City break in Seoul
A scene at the Dongdaemum market where you can buy anything from knock-off Prada to ginseng
Somewhere in South Korea is a young woman who was named Leah, after my daughter. When we met on a sunny Friday morning in Seoul she said her “English name” was Eileen, adding that she wanted to change her Western moniker because it sounded like “alien.” Could I suggest an alternative?
“Oh, Leah — that’s so pretty, but it’s a name for a cute girl and I am not cute,” she demured with a giggle.
Of all the conversations I enjoyed with the people of Seoul this is the one I really can’t shake off. In just a few words, my daughter’s new namesake seemed to encapsulate her city’s unapologetic pro-Western stance and the friendliness of its people.
The architecture of this great 24-hour metropolis is just as appealing. Endless shiny skyscrapers, swish retail complexes and neon-saturated streets sit cheek by jowl with the palaces, temples and royal tombs that declare Seoul’s status as a seat of regal power from as far back as 1392, when the Korean Peninsula was united by the kings of the Josean dynasty.
Elegant colonial structures from the city’s Japanese occupation and the clay tiled roofs of Korea’s traditional squat wooden hanok houses, jostle for space with pale clusters of tower blocks adorned with words such as “Harmony” and ‘Happy Home’ on their facades.
None of these tower blocks existed before the 1970s. It is hard to believe it now, but when the Korean War between the communist North and the capitalist South ended in 1953, South Korea was a flattened wasteland and poorer than Zimbabwe.
Just two generations on, its capital is one of the richest cities in the world, the country has a per-capita GDP that surpasses the EU average of US$30,000, and the ultra-modern Asian tiger is home to 10.5 million people. It is difficult not to draw comparisons with the economic miracle of Israel.
Both the Jewish state and South Korea have of course enjoyed significant financial support from America, but as Jews know better than most, a country’s most important resource is its people, not its financial arsenal. And the Korean people are energy, ingenuity and sheer hard work personified.
You see these qualities on roaring display in Dongdaemun Market, a colossal market where you can buy anything from ginseng roots to knock-off Prada sunglasses, and where the atmosphere is best savoured around midnight with a carton of rice balls and red pepper paste and a glass of makkeolli, a fizzy, milky rice-wine. You see it, too, in the city’s full-to-over-flowing coffee shops, in the frenetic business district, and in the pedestrianised streets of Apgujeong where the well-heeled come to splash their cash on international labels but also on threads from Seoul’s young designers.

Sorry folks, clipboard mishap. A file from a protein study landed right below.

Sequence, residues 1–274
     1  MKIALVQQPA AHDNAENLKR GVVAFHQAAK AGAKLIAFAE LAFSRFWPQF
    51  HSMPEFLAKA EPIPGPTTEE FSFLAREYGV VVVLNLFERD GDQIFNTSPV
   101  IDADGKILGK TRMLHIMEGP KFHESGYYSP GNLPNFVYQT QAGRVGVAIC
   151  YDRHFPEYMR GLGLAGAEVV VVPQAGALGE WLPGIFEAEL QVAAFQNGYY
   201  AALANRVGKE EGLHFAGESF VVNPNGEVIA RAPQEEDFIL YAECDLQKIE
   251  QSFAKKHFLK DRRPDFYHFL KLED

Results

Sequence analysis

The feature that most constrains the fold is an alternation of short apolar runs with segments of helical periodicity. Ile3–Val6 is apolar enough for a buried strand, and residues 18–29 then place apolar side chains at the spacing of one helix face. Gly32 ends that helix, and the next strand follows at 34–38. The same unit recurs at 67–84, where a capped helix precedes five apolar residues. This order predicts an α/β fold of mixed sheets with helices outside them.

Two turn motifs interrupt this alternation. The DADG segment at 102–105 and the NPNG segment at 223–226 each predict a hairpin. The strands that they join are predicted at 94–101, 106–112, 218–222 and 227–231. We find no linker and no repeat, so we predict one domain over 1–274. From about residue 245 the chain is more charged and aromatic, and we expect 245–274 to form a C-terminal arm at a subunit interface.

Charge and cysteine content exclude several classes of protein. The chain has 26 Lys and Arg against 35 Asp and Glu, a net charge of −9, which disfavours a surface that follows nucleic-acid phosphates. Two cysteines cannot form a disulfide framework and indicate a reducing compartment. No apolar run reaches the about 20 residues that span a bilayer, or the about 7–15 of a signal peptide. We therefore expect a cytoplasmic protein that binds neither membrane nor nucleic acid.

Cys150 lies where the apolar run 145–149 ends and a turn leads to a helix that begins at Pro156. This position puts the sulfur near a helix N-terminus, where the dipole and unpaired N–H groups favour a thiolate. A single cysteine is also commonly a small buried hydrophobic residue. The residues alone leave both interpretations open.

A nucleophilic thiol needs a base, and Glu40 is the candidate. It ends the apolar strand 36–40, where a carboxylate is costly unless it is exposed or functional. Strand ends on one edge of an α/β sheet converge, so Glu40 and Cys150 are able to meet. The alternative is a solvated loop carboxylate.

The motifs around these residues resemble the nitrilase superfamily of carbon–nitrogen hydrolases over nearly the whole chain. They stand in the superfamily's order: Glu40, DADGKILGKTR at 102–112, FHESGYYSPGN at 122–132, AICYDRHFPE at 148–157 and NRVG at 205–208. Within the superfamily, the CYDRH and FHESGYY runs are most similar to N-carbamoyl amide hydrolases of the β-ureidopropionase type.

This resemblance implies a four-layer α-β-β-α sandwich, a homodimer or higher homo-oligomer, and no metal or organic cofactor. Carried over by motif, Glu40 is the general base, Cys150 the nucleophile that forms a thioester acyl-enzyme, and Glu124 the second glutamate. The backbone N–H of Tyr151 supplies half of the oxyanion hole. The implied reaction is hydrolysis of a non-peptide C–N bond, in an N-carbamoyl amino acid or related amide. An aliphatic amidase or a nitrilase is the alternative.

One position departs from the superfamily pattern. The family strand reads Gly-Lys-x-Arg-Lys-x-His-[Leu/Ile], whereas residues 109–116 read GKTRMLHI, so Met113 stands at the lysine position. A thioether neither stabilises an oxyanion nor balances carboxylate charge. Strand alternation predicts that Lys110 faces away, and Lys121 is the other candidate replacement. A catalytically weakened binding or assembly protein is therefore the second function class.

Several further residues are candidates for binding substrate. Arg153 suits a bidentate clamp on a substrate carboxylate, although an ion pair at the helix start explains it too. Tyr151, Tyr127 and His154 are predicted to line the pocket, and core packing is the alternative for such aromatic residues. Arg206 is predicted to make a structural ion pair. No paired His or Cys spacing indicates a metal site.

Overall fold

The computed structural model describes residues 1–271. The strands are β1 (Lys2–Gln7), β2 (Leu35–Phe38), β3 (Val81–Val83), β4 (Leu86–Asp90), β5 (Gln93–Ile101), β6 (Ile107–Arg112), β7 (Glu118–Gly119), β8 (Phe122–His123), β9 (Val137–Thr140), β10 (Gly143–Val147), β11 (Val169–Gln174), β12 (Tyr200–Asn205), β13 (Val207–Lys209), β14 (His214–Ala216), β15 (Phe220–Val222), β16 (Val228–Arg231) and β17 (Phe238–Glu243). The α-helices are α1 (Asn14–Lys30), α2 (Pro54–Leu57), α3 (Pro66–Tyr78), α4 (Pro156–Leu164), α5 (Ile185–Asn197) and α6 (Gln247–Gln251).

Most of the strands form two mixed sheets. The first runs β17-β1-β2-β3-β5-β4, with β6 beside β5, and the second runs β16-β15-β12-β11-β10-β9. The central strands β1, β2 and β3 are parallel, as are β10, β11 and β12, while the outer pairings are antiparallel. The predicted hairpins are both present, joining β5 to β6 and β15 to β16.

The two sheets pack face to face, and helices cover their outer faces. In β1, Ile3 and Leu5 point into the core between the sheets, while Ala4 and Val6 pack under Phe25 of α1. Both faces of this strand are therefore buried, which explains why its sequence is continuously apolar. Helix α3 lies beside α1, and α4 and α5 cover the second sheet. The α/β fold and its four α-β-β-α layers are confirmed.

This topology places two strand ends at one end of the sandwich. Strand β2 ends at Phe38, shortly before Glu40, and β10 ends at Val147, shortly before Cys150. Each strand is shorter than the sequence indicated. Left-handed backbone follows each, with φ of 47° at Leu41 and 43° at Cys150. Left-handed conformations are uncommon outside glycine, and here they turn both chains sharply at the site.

If Seoulites are the highlight, Korean food comes a very close second. Unlike the cuisines of nearby Japan and China, Korean food has not entered the British culinary mainstream.
Ask a dedicated foodie to name a Korean dish other than kimchi, fermented, seasoned cabbage, and they will almost certainly fumble. But this country’s cuisine is vast: go to a restaurant (shoes off, legs crossed in some) order a ‘royal banquet’ and the number of dishes that arrive will amaze you. Cold noodle soup and sweet potato mash apart,just don’t expect to be familiar with any of the tastes at the end of your (metal) chopsticks.
Though furiously busy there are quieter sides. Spectacular wooded mountains look down on Seoul from all sides, and between them and the skyscrapers lies the ornate, curved roofs of the palace district where there are six royal residences.
In the middle of the city is Samcheong Park where locals exercise in free outdoor gyms.
A few kilometres away lies North Korea where Kim Jong-un rules with a nuclear-armed fist. I was reminded of this dissonance on my return flight with Korean Air. In my reclining seat, I was quaffing a glass of wine and admiring George Clooney in The Descendants when the film was interrupted by a news flash: Kim Jong-un had just test-fired rockets into the South China Sea and a civic defence drill had been planned for South Korea. The contrast between EL AL-style security and the sheer opulence of South Korea’s national airline, and a warmongering dictator who would destroy this miracle nation was a punch to the stomach. Once again, it was impossible not to compare Korea with Israel.
I patted myself on the back for having re-named ‘Eileen’ after an Old Testament matriarch.
The palace sits by mount Namsan and the Han river. it is a large, sprawling complex of courtyards and a pavilion and is a prime example of Korea’s history. Seoul became the capital in 1392 and the palace was built for the ruling family. It was destroyed several times, both bv the Japanese and by Korean serfs. It was rebuilt for the final time in 1969 but the wood structures were replaced by concrete. Put aside at least a couple of hours and have a glimpse of the Blue House (Korea’s presidential residence) and do not miss the Folk Museum in the north east corner of the palace and the charming Hyangwonji pond and hexagonal pavillion — this made its appearance in the film The Moon That Embraces the Sun.